Walk-about At Coyote Creek

Y’all remember young Aras. He was born here not quite two years ago, when suddenly, tragically, his mother dropped dead on his third day with us. I’ll never forget that Summer. We all took turns bottle feeding him out in his pen every three hours. We had no way of knowing if he had ingested enough colostrum from his mom, so the first week or so none of us slept much, worried that we’d wander out to see him only to find him gone too. He made it, we made it, and he has spent his whole life in our back pasture. Until today. Today he begins the process of becoming a horse. He will not be able to just turn his beautiful head and look over at us for comfort or reassurance. He’s gone off on walk-about.

At least he’s not alone. His half-sister and surrogate mom is with him, as are the two newest members of the herd, a three yr old gelding that is my rider, and a four yr old spotted saddle mare that is the Primary Wife’s, um, primary mount. Yesterday we spent the day moving enormous rolls of hay that they probably won’t eat, (we are blessed with abundant Winter pasture) and moving their troughs. We removed potentially dangerous obstacles around the barn, closed the gates, and then walked them two by two down the hill and into the holding pen, before turning them loose to feast on the fescue grass.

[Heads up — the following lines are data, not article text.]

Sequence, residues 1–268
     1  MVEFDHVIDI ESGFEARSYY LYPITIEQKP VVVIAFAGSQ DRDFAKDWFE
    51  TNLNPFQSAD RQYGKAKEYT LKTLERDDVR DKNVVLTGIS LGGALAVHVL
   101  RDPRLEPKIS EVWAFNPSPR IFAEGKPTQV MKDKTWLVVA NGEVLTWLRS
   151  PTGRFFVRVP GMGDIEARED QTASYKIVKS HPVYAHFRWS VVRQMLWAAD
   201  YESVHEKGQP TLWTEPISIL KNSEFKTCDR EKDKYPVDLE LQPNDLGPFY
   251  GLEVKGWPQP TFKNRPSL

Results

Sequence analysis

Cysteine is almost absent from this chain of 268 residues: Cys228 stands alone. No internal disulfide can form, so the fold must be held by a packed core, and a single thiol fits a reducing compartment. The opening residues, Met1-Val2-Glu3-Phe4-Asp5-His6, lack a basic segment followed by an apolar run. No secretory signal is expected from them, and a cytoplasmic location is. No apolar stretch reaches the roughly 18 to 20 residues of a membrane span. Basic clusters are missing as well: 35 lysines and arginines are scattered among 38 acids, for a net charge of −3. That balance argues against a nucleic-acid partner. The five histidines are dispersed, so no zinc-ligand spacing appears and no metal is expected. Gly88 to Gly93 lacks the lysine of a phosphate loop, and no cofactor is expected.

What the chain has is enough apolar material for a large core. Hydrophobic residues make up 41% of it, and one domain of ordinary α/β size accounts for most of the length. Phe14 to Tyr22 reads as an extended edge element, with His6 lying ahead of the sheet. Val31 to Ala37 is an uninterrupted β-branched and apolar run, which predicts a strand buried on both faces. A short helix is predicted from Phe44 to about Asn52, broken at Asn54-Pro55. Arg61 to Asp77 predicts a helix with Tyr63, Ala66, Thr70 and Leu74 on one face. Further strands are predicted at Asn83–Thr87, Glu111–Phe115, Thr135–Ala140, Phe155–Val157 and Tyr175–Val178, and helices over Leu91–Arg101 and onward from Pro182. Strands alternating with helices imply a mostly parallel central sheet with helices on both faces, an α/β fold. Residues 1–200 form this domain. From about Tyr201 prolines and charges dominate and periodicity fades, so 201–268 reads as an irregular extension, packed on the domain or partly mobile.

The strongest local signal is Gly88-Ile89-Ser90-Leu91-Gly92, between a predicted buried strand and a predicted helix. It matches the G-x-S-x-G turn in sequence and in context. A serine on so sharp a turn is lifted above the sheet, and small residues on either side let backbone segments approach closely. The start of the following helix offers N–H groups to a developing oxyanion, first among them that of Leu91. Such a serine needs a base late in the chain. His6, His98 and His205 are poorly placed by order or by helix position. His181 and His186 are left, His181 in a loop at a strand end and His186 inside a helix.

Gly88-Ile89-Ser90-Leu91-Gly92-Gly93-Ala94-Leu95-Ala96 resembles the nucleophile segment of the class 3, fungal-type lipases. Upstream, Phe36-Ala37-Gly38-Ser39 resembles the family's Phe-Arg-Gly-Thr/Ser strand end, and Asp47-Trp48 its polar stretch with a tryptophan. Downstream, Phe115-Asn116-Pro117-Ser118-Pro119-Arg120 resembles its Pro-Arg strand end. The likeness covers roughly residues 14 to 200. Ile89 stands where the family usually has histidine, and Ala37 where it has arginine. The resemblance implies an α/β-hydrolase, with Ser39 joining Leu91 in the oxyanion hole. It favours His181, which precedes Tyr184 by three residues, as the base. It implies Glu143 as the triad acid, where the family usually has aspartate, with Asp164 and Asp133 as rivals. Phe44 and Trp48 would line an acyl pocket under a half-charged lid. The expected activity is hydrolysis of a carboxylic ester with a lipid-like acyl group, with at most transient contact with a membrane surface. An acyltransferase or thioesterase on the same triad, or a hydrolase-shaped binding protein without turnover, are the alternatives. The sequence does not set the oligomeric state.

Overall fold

For Aras, this will probably be pretty scary. He’s number four in the herd hierarchy, an important element of the herd to be sure, but not as much fun as being number 1. Or 2. Or 3.

So we turn loose of a pet today, and it is likely we will get back a horse next Spring. He will be forced to deal with the elements without a man-made structure for cover. He will have to figure out that barbed-wire really hurts if you run into it. He will be startled by a rabbit, deer, or even a coyote countless times. He will have to learn to stick close to the other herd members, since me and Mom are not within eyesight. There are ponds to drink from for the first time. The hills and hollers will probably build up his chest and legs as he negotiates his way around.

As Coma would say, all of this is “of the good”, but I am fighting back the impulse to go check on him every 10 minutes.

I’ve decided to do it every 15 minutes instead.


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